Illustration by Alexandra Najm.

To Consume or not to Consume: Tap Water on Campus

With uncertainty and unverified information spreading around campus, the Sustainability Committee decided to find out how safe our water is. Is it really safe to drink from our taps? Why is it environmentally important to limit single use plastics?

As a student body there are some things we can all agree on: the Abu Dhabi summer is too sweltering to function, ADNH staff are fab, D2 food has markedly improved over the years and the carpet outside the Baraha smells like wet dog. However, water — especially drinking water on campus — is a surprisingly contentious topic.
To investigate this polarization, the Student Government Sustainability Committee conducted a survey of 168 respondents this spring to gauge student perceptions on NYU Abu Dhabi’s tap water. We found that out of 168 respondents, 47 percent drink tap water daily and 32.7 percent never drink it. But why do some students fill their reusable bottles from the tap every day, while others buy plastic water bottles, only venturing to the tap for washing dishes and taking showers? Why is there such mistrust of tap water on campus?
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With uncertainty and unverified information spreading around campus, the Sustainability Committee decided to find out how safe our tap water is. Is it really safe to drink from our taps? We asked John O’Connor, Director of Environmental Health and Safety at NYUAD, to explain how water is transported from the city to our faucets and the quality control measures in place.
How is tap water transported to and treated on campus?
Water reaches campus via pipes connected to a water treatment plant in the city. When it arrives, it is treated a second time in concrete tanks under A4 to get rid of any microbes. SERCO samples and tests all of the water tanks monthly and regularly samples the water in residential and academic buildings to test for chemicals and biological matter. A third party also conducts chemical, biological and heavy metal tests through the Environmental Health and Safety department, and ADNH also conducts a round of regular tests on the water before using the water for all food preparation on campus.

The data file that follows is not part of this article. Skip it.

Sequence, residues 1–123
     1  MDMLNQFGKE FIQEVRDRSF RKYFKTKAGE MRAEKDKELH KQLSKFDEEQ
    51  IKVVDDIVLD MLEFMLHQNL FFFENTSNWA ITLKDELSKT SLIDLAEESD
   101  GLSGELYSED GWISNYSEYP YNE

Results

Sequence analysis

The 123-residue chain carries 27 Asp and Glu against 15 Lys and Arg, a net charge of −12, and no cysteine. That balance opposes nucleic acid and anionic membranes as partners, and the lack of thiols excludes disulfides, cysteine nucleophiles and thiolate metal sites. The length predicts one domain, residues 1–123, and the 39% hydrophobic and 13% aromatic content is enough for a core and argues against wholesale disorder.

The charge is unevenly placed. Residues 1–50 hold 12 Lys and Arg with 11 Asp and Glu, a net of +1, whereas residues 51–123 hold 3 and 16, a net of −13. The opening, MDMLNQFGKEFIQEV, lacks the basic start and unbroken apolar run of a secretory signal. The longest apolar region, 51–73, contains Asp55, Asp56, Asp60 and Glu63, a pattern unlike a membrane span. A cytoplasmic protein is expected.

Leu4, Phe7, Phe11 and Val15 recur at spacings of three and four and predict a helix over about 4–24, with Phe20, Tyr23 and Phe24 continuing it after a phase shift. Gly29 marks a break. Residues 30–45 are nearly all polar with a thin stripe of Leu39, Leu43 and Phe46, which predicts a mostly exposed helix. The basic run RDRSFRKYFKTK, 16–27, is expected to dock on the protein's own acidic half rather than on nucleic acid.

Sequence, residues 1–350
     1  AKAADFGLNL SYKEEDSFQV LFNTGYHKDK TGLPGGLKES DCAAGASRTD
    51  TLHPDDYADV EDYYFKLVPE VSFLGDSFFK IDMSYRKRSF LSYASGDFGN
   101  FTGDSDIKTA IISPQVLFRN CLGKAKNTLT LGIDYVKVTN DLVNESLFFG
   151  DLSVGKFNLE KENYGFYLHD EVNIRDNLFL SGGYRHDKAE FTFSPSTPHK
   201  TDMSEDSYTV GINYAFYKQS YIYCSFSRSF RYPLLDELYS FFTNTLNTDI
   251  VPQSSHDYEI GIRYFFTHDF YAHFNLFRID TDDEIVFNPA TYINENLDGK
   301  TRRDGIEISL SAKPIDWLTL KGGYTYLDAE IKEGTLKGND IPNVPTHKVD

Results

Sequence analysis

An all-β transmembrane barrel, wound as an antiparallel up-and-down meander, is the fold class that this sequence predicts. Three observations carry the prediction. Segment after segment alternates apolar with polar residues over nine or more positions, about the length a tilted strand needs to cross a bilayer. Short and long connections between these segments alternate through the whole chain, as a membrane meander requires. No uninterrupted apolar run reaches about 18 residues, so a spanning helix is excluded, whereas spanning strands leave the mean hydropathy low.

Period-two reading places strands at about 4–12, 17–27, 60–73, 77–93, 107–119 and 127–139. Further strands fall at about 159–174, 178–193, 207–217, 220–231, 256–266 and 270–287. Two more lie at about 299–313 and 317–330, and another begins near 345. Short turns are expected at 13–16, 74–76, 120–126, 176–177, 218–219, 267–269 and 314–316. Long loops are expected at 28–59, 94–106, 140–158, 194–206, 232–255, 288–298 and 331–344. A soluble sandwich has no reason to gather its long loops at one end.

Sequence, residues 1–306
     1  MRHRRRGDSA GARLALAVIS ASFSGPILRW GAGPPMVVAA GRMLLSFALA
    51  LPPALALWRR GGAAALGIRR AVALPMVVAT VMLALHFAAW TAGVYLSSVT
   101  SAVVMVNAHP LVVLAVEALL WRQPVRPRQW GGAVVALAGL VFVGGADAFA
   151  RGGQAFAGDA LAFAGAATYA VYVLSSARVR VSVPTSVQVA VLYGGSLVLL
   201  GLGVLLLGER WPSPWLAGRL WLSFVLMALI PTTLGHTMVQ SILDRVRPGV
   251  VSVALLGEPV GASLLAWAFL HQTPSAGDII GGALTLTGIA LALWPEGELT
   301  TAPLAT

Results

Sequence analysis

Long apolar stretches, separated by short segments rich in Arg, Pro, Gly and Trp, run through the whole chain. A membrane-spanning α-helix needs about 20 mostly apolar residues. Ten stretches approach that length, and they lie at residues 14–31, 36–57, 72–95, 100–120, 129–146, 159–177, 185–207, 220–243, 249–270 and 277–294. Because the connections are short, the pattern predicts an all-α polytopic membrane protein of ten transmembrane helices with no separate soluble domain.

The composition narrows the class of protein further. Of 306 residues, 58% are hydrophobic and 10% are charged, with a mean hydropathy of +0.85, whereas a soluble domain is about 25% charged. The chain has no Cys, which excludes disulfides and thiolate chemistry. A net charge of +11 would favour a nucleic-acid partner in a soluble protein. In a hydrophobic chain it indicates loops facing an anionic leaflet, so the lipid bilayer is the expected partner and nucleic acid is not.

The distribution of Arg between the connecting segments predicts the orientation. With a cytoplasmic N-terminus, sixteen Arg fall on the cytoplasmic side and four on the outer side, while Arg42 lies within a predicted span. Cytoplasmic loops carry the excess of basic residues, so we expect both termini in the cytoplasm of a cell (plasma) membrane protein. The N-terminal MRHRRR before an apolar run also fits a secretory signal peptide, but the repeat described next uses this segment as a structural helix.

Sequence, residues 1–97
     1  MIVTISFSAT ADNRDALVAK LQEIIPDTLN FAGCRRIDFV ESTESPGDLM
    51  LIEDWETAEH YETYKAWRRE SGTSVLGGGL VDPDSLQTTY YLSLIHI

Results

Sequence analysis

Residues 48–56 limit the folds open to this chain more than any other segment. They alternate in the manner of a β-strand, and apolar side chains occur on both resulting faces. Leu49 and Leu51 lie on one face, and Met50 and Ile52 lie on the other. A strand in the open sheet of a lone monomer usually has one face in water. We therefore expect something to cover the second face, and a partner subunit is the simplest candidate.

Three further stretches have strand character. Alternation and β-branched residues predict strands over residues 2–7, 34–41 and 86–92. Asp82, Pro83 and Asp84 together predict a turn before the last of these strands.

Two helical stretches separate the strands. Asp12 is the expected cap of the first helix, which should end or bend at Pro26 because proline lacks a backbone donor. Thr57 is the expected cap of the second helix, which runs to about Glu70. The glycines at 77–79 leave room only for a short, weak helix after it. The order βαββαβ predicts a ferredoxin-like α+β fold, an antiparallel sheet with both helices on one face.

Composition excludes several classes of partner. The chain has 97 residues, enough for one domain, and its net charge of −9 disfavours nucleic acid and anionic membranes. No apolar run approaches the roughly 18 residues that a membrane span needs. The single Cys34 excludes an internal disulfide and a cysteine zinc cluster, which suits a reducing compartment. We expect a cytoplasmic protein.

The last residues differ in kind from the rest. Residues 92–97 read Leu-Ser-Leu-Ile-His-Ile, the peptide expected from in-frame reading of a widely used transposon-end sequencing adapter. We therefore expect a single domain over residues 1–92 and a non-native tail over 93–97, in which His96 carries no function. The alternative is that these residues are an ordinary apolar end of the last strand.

In short, campus water undergoes multiple levels of treatment and tests, far exceeding the protocols required by the municipalities. It is routinely tested for quality and safety of consumption by multiple, independent parties.
What are the common concerns about tap water?
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Of those who do not regularly drink from the sink, the main reason given was concern about the water’s quality. One respondent stated: “I gave tap water to my plant and it almost died, imagine what it does to you in the long term.”
However, concerns around the quality of tap water are often compounded by its occasional discoloration. This occurs when water does not flow through the pipes for a period of time — whether from maintenance repairs when water is shut off or when you have not used the facet in a while. The milky discoloration does not indicate any safety problems. It only indicates that the water was sitting still for a period. If you experience this, running the tap for a few moments will make the water clear again.
Another common concern is that the tap water causes people to lose unusual amounts of hair when washing. If it makes your hair fall out, how can the tap water be safe for consumption? O’Connor explained that increased hair fall has nothing to do with drinking tap water, and is instead due to the increased hardness of the water when you wash your hair. Hardness is a measure of dissolved calcium and magnesium, both minerals that we regularly consume in milk, beans and nuts that have no adverse health impacts. If hair fall is a concern, shower filters can be purchased at the convenience store to help filter out these minerals.
Why is drinking tap water important?
Plastic waste is a growing crisis around the world, and in contrast to popular perception, recycling is not the solution. Plastic can only be remade a fixed number of times, making recycling less of a cycle and more of a downward spiral ending in the trash. This means that every plastic bottle of water you drink will eventually end up in the landfill, or worse, in the ocean. Plastic never completely dissolves once it’s in the ecosystem and only breaks down into smaller microplastics over hundreds of years. These microplastics adversely impact wildlife, reduce the ocean’s ability to sequester carbon dioxide and eventually make their way back up the food chain and into your diet if you consume certain animal based foods.
Drinking tap water is an easy and sustainable way to reduce plastic waste and protect yourself and the planet. With the multiple levels of treatment and tests, tap water on campus is a safeguarded vote for a more sustainable campus and a less polluted planet.
Killian Dumont, Michelle Hughes and Katie Glasgow-Palmer are contributing writers. Email them at
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